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A hostile bid is an offer to purchase a company made against the wishes of the board of that company. Hostile bids can be conducted in a number of ways, depending on the strategy the acquiring company wants to use. If the bid is successful, the company will be sold whether or not members of the board are happy with it, typically at a very high price. Hostile takeovers can be conducted for a number of reasons, and boards are usually inclined to advise accepting offers to avoid a hostile bid situation.
One approach to take with a hostile bid is to make an offer for a company without consulting members of the board. While the board can advise rejection of the bid, shareholders can agree to sell their shares, allowing the acquiring company to take over. In other cases, board members are notified, they express their discontent, and the offering company moves forward on the hostile bid against their wishes.
One technique used is a proxy fight. In a proxy fight, the company trying to make an offer encourages shareholders to vote the existing management out in order to replace it with management more favorable to a takeover. Another technique is to buy up enough shares to gain control over the management, allowing for a change of management and forced sale of the company. Companies can also make public tender offers as hostile bids.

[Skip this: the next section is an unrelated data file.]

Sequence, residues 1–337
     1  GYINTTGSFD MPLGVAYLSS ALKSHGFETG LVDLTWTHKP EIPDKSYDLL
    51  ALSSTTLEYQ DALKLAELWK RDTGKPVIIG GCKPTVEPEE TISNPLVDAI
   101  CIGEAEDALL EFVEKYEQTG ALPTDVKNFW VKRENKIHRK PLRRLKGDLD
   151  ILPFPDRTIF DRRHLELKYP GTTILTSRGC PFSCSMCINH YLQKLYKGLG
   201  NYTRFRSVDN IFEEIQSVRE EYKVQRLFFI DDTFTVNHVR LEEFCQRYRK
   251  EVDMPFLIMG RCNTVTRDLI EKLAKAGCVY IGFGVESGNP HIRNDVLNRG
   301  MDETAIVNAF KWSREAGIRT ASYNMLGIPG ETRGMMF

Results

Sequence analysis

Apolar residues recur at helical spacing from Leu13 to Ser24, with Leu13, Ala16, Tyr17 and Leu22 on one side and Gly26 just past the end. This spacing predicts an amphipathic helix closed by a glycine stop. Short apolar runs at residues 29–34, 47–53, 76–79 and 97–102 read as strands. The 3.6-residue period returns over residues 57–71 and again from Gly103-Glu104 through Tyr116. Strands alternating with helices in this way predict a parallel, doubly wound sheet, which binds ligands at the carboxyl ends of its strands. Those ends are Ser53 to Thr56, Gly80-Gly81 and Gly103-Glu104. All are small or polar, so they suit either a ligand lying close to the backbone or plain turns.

Making a hostile bid is not illegal or particularly unethical. It can, however, be unwise. When companies are sold with the consent of the board, the board members provide a great deal of important information to the acquiring company. With a hostile bid, the only information available is that in the public domain. In some cases, this may be enough to make an informed decision and to pay a fair price for the company. In other instances, a hostile bid may end with a nasty surprise for the acquiring company.
Shareholders can benefit from a hostile bid. Hostile bids usually result in an increase in the offering price, allowing people to make a premium above the regular sale price of their shares. Companies are forced to offer a premium in order to sweeten the deal for shareholders to convince them to revolt against the board. This can make takeovers very expensive and may potentially expose a company to significant financial risk by tying up resources in the takeover.
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